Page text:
Geriatric screening tools are of limited value to predict decline in functional status and quality of life: Results of a cohort study Service organization, utilization, and delivery of care

Deckx, Laura, van den Akker, Marjan, Daniels, Liesbeth, De Jonge, Eric T., Bulens, Paul, Tjan-Heijnen, Vivianne C. G., van Abbema, Doris L. and Buntinx, Frank (2015) Geriatric screening tools are of limited value to predict decline in functional status and quality of life: Results of a cohort study Service organization, utilization, and delivery of care. BMC Family Practice, 16 1: . doi:10.1186/s12875-015-0241-x


Author Deckx, Laura
van den Akker, Marjan
Daniels, Liesbeth
De Jonge, Eric T.
Bulens, Paul
Tjan-Heijnen, Vivianne C. G.
van Abbema, Doris L.
Buntinx, Frank
Title Geriatric screening tools are of limited value to predict decline in functional status and quality of life: Results of a cohort study Service organization, utilization, and delivery of care
Journal name BMC Family Practice   Check publisher's open access policy
ISSN 1471-2296
Publication date 2015-03-01
Sub-type Article (original research)
DOI 10.1186/s12875-015-0241-x
Open Access Status DOI
Volume 16
Issue 1
Total pages 12
Place of publication London, United Kingdom
Publisher BioMed Central
Language eng
Formatted abstract
Background
Geriatric screening tools are increasingly implemented in daily practice, especially in the oncology setting, but also in primary care in some countries such as the Netherlands. Nonetheless, validation of these tools regarding their ability to predict relevant outcomes is lacking. In this study we evaluate if geriatric screening tools predict decline in functional status and quality of life after one year, in a population of older cancer patients and an older primary care population without cancer with a life expectancy of at least six months.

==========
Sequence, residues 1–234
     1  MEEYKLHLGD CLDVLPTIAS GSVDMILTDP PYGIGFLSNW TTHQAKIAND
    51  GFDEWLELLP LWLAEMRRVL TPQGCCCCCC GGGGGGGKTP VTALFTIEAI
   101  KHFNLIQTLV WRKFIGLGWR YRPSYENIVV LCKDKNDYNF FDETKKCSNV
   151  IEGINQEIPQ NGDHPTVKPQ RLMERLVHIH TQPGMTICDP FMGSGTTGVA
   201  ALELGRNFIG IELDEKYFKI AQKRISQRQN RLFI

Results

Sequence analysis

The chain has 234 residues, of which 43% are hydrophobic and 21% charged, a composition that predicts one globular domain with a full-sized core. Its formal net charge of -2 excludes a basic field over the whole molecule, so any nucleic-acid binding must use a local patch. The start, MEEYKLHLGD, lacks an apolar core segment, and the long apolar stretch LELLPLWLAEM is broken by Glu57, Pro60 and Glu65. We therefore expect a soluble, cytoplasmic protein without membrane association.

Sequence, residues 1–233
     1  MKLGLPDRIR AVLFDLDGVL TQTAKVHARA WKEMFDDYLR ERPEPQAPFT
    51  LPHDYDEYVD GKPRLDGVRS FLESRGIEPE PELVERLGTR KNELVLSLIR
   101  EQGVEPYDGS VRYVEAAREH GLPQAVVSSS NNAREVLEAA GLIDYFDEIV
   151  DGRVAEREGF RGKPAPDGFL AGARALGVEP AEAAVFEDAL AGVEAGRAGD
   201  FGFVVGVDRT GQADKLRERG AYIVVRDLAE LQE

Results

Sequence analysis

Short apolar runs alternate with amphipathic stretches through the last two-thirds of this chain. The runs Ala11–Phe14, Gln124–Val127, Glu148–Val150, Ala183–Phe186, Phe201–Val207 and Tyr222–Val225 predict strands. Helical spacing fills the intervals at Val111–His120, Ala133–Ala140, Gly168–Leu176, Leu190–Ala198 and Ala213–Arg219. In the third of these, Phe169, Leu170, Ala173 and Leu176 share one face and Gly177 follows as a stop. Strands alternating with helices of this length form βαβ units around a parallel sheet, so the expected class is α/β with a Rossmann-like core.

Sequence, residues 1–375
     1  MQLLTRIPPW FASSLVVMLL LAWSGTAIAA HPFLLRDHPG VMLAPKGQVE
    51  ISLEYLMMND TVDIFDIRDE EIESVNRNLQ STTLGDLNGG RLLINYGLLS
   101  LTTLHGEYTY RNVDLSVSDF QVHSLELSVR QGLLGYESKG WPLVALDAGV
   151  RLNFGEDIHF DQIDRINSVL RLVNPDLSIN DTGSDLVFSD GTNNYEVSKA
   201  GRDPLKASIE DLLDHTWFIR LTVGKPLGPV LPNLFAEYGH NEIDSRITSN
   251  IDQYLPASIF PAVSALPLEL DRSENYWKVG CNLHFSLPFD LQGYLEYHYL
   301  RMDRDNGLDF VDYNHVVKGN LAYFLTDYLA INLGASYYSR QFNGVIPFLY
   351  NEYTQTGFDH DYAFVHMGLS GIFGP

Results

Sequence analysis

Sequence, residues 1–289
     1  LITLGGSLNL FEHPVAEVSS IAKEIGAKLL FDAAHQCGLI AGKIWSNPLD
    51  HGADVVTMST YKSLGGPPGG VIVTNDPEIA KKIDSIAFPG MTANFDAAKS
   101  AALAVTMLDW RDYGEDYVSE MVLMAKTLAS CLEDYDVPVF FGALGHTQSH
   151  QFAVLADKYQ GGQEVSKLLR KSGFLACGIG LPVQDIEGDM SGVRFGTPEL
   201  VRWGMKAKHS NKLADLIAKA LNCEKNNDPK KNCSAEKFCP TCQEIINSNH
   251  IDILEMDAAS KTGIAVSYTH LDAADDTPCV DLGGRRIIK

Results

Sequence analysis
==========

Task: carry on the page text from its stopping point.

Methods
Older cancer patients and a general older primary care population without a history of cancer (≥70 years) were included in an on-going prospective cohort study. Data were collected at baseline and after one-year follow-up. Functional decline was based on the Katz Index and Lawton IADL-scale and was defined as deterioration on one or more domains. Decline in quality of life was measured using the global health related subscale of the EORTC QLQ-C30, and was defined as a decline ≥10 points. The selected geriatric screening tools were the abbreviated Comprehensive Geriatric Assessment, Groningen Frailty Indicator, Vulnerable Elders Survey-13, and G8. We calculated sensitivity, specificity, predictive values, and odds ratios to assess if normal versus abnormal scores predict functional decline and decline in quality of life.

Results
One-year follow-up data were available for 134 older cancer patients and 220 persons without cancer. Abnormal scores of all screening tools were significantly associated with functional decline. However, this was only true for older persons without cancer, and only in univariate analyses. For functional decline, sensitivity ranged from 54% to 71% and specificity from 33% to 66%. For decline in quality of life, sensitivity ranged from 40% to 67% and specificity from 37% to 54%.

Conclusion
In older persons with a relatively good prognosis, geriatric screening tools are of limited use in identifying persons at risk for decline in functional status or quality of life after one year. Hence, a geriatric screening tool cannot be relied on in isolation, but they do provide very valuable information and may prompt physicians to also consider different aspects of functioning.
Keyword Functional status
Geriatric oncology
Longitudinal study
Neoplasms
Quality of life
Q-Index Code C1
Q-Index Status Provisional Code
Institutional Status Non-UQ

Document type: Journal Article
Sub-type: Article (original research)
Collections: Non HERDC
School of Medicine Publications
 
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